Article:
Edward Glanville Smith with fellow officers from 4th Tank Bn – and a rabbit, no doubt destined for the cooking pot
Photograph from Russell Enoch – not to be reproduced without permission.
Edward Glanville Smith concluded his account in The Wanderings of “D” in France at the end of 1917, so sadly he left no record of the great tank battles of 1918 which paved the way for the final Allied victory.
He must have played a key role in them, as the War Diary of 4th Tank Battalion (formerly D Battalion) says on August 28, 1918: “Capt. E.G. Smith, M.C., is appointed Coy. Comdr. “C” Coy. vice Major. H. Hannay.”1 This means Glan now commanded the 12 fighting tanks in C Company, formerly No. 12 Company, having replaced Major Hugh Hannay – who had himself taken over after Major R.O.C. Ward was killed at Cambrai.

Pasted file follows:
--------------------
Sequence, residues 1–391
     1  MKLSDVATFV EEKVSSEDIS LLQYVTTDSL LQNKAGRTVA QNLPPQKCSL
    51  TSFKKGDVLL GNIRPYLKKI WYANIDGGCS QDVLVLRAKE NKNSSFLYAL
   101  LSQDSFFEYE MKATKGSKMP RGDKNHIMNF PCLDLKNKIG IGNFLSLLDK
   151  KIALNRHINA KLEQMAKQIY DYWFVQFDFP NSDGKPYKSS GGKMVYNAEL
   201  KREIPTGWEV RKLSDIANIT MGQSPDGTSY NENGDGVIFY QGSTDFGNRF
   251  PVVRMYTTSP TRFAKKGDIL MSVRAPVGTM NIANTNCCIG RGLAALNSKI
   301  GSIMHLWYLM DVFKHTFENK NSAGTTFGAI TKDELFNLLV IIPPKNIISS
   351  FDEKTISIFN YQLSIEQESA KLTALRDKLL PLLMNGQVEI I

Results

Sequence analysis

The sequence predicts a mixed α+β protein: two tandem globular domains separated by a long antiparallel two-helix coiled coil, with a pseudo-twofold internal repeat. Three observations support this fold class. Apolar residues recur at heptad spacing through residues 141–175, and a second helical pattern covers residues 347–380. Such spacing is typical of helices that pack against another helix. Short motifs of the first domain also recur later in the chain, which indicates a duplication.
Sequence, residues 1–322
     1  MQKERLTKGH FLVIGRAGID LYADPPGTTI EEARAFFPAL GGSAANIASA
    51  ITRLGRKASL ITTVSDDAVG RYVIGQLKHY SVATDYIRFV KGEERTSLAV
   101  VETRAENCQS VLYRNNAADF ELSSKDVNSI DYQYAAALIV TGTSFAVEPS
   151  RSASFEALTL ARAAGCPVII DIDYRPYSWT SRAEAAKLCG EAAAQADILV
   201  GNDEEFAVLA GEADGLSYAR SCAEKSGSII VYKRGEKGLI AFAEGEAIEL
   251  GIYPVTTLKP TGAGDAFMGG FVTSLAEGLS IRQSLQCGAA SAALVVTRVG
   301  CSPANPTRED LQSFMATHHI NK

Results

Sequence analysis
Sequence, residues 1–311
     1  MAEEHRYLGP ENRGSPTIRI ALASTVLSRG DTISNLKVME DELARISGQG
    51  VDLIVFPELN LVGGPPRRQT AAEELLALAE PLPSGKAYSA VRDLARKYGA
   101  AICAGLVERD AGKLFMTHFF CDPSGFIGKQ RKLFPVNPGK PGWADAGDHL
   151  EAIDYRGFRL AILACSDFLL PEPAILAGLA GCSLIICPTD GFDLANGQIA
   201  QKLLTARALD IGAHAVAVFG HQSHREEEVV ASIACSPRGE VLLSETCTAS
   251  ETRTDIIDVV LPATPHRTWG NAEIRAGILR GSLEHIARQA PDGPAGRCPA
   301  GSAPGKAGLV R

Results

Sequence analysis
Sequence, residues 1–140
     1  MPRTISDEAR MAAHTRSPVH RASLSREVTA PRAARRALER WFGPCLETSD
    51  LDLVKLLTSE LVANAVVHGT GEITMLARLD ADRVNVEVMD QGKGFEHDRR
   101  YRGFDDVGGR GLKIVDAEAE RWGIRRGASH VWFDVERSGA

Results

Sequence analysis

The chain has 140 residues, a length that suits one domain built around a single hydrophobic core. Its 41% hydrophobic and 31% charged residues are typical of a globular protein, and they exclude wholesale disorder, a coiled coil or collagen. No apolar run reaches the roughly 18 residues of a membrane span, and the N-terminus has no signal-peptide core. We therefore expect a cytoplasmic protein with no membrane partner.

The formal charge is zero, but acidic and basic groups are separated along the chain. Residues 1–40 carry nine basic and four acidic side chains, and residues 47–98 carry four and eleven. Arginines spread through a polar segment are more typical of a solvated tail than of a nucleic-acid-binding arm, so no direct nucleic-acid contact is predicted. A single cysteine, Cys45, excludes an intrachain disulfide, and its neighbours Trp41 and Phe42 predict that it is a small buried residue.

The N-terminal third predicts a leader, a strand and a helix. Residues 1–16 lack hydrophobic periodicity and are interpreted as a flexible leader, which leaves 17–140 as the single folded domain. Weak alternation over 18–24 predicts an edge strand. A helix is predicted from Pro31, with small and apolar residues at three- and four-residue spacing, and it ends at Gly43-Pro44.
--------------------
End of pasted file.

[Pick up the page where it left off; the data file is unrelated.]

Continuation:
In October 1918, Glan took command of the battalion’s single composite company during its final action of the war, but again he left no record of these epic events.1
The last official mention occurs in the War Diary on March 28, 1919, when Major Smith’s name appeared on a list of 10 officers and nine other ranks who left the battalion – then based at Bellacourt in France – for the Dispersal Centre, marking the end of their wartime service. Also on the list was Lieutenant Frank Heap, who had commanded D51 Deborah at Cambrai.1
Like so many others, they now had to somehow put the war behind them and resume their family lives and careers in a world that had changed beyond all recognition.
1 War Diary of 4th Tank Battalion in National Archives (WO 95/110). In the original the surnames are capitalised.